While you may be biting your nails about the summer from hell (aka bar-study) that awaits you, don't forget that passing the bar is not all that it takes to be a licensed attorney. It is absolutely required that you be of good moral character and fitness to become licensed. So, here are 5 general things to know about moral character applications:
- Vary by state. The exact application procedures will vary by state. Some states, like Connecticut bundle up their moral character application with the application to take the bar exam. While other states, like California, have a separate application to be filled out independently.
- It takes time. Even if you have a squeaky clean record with impeccable references and absolutely nothing that raises a speck of concern, it could takes months for the State Bar to get back to you, still. You want to make sure that your application is in at least a few months (preferably more -- in the fall, aka now, is ideal) before bar results come out so that your swearing-in ceremony and the process of getting licensed isn't delayed for you.
- References. You will need to find and then give your references a heads up. The State Bar will likely want a list of all your past employers, and personal references (grandma probably doesn't count, either) that includes one member of your respective State's Bar in good standing (hint: a favorite professor or a former 3L who owes you a drink from last year's bar review are usually good choices)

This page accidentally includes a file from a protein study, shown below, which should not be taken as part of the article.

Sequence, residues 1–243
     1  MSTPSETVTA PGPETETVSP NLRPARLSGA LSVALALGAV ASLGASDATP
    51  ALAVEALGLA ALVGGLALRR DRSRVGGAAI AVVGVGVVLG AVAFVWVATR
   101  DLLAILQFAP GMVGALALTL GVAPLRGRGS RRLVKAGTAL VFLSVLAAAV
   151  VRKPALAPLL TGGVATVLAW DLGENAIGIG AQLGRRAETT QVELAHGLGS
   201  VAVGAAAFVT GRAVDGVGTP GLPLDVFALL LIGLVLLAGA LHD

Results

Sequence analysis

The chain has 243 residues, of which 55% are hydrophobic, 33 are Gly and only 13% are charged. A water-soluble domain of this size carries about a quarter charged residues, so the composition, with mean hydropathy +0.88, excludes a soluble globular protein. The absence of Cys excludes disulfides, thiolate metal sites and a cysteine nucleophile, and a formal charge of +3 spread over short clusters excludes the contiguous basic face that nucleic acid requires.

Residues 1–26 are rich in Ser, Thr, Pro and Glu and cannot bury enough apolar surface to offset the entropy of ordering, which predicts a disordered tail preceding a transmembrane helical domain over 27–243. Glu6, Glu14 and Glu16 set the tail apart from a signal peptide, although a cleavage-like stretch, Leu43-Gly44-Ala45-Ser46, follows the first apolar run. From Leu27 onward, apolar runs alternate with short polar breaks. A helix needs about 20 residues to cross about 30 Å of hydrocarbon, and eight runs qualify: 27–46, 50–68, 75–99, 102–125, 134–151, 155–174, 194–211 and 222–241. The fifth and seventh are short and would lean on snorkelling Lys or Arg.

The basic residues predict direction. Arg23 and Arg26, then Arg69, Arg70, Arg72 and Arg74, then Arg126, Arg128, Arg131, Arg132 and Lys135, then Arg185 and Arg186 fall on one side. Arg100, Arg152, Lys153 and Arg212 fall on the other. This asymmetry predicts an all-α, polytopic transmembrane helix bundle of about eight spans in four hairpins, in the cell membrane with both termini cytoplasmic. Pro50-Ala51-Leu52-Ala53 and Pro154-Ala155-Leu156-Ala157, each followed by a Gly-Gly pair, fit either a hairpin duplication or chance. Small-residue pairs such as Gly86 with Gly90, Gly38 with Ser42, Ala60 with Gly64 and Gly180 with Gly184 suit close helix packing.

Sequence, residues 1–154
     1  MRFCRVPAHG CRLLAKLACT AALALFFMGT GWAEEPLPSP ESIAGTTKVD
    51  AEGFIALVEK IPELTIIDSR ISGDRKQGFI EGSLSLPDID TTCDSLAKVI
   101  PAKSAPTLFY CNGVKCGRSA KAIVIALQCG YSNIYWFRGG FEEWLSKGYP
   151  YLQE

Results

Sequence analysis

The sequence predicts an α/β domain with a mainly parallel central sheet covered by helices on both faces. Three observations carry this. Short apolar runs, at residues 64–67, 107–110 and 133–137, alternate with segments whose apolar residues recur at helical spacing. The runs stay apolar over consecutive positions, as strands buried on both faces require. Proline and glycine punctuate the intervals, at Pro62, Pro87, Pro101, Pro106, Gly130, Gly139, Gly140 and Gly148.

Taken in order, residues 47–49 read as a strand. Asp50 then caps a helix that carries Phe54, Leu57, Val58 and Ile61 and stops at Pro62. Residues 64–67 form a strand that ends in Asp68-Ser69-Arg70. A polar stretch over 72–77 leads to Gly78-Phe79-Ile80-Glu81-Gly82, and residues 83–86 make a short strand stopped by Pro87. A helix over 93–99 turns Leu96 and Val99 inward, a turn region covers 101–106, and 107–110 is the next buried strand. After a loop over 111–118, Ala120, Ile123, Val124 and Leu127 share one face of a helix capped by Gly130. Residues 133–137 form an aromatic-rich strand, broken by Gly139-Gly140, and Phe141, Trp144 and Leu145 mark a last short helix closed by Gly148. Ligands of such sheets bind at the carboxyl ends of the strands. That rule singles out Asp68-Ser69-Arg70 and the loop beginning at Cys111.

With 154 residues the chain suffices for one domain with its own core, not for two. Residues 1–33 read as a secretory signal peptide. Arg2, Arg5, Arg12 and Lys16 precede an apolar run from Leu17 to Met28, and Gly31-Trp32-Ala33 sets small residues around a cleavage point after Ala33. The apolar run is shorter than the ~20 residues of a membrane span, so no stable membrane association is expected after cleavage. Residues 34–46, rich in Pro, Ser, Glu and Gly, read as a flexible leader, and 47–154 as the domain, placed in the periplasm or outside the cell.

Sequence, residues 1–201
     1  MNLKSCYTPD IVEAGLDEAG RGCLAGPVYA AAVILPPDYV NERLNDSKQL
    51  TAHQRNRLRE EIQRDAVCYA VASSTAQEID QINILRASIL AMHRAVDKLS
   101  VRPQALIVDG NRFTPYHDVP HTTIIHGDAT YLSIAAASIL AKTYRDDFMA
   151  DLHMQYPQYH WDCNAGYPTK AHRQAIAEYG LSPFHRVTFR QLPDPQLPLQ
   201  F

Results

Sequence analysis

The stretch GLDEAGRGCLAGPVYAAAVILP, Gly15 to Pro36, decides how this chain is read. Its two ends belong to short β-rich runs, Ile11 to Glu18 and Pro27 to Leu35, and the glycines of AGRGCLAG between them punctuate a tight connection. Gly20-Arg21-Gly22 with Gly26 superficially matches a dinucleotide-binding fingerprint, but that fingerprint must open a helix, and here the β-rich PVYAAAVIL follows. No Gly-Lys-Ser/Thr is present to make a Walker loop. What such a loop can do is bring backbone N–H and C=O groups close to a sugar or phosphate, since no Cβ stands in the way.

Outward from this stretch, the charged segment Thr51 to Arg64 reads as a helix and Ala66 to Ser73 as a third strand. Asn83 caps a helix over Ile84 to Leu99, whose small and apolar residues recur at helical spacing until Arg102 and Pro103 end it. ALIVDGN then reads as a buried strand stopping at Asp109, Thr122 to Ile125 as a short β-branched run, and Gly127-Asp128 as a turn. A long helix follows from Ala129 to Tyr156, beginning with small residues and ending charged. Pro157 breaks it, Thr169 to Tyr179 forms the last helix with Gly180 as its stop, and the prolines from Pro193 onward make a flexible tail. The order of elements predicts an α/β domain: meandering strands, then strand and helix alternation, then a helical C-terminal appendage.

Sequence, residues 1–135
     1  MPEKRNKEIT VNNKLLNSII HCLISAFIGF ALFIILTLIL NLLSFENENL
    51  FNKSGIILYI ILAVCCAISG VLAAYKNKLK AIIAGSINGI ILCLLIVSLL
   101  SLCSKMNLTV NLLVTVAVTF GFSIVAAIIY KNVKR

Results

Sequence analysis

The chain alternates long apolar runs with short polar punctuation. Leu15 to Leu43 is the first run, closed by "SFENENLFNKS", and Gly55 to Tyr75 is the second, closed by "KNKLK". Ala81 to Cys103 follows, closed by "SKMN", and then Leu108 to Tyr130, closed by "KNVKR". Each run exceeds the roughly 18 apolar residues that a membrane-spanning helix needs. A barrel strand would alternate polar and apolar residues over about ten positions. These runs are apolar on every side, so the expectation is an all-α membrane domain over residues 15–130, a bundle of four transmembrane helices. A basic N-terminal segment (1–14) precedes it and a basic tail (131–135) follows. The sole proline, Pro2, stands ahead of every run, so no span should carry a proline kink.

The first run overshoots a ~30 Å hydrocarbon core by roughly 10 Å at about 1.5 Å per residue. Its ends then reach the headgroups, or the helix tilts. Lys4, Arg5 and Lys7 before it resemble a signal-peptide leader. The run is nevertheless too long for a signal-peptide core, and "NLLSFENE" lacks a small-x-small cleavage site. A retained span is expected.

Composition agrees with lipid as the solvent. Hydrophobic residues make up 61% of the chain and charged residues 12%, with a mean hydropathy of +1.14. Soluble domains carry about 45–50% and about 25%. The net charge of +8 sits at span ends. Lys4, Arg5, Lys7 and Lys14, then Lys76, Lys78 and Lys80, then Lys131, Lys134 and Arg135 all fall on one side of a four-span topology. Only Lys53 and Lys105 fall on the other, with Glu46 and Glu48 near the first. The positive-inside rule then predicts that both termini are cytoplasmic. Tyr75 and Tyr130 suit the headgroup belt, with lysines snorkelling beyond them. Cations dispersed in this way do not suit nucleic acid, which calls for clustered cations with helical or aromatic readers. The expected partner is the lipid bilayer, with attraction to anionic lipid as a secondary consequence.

- Money, money, money. Ah, yes, much like every other mandatory component of law school (or non-law school, for some of you), the application comes with a hefty fee. In California, it's around $500, and that's for one application. If you aren't deemed of moral character within a certain number of months or years, you may have to reapply and pay, again. Break another piggy for this one, kids.
- Red flags. There are many red flags that will raise a concern with the State Bar. This includes, but is not limited to things like a questionable credit score, a record of academic discipline, bad employer references, a criminal record, drug use, etc. This doesn't bar you completely, but you may be asked to submit a follow-up statement, explaining your circumstances and background. It could also prolong your application, which is why it's a good idea to start as soon as you can.
Despite all the awful jokes (and, um, the name of this blog doesn't help, either), lawyers are professionals who are asked to maintain an extremely high level of integrity. You of course are on your way to be one of them -- just fill out that pesky application already, though.
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